Fisker Automotive CEO Henrik Fisker is doing some major damage control after the Department of Energy announced that loans totalling roughly $336 million would not be issued to the company. Fisker Automotive is apparently seeking private equity funding to solve what’s being called a temporary cash-flow issue, but the company may be facing deeper problems than that.
A123 Technologies, a major battery supplier for Fisker, cut its revenue forecast by 20 percent off upon news of Fisker reducing vehicle production. A123 has seen its payroll decline by 300 workers since July of 2011, and the Boston Globe is quoting an analyst who thinks that the DOE’s loans are dead in the water, a development that will bring down both Fisker and A123 Systems.
Fisker is also being sued by a California investor who says that Fisker demanded nearly $84,000, or else the investor would lose certain rights that came with his stock issue, such as a protection against share dilution. Fisker has delivered 250 examples of the Karma so far, but has missed a number of deadlines contingent on continuing DOE loans – which are needed to make the more affordable Fisker Nina EV. Government loans for any green technology are a political third rail right now (can anyone say Solyndra). Republican candidate Gov. Mitt Romney slammed the loans as “crony capitalism”, and Fisker himself seems averse to taking any government funds.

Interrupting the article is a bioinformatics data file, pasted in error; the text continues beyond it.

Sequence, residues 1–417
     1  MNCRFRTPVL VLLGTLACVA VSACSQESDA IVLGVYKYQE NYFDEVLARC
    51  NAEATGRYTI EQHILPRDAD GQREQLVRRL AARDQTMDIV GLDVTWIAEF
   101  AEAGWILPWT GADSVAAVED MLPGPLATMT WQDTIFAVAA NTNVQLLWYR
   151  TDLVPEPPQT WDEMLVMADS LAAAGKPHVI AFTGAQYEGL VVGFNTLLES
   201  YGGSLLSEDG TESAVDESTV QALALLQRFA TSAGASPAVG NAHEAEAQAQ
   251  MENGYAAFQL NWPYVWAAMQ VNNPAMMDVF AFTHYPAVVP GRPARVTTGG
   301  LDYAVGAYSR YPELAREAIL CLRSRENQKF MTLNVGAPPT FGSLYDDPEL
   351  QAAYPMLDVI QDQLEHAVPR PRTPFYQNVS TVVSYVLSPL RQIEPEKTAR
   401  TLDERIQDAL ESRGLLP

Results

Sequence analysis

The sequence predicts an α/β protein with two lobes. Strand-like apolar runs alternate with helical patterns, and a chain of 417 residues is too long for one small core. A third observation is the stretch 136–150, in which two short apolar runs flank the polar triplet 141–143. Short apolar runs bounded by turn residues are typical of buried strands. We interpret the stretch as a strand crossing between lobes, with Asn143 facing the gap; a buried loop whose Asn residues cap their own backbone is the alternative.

The press drive for the Karma was held just recently, and Fisker’s company line ranged from defiant (with Fisker stating that “We are a viable, self-funded car company”) to oblivious (in the case of the lawsuit, which Fisker PR claimed no knowledge of). Is this just a “bump in the road”, or the start of something bigger for Fisker?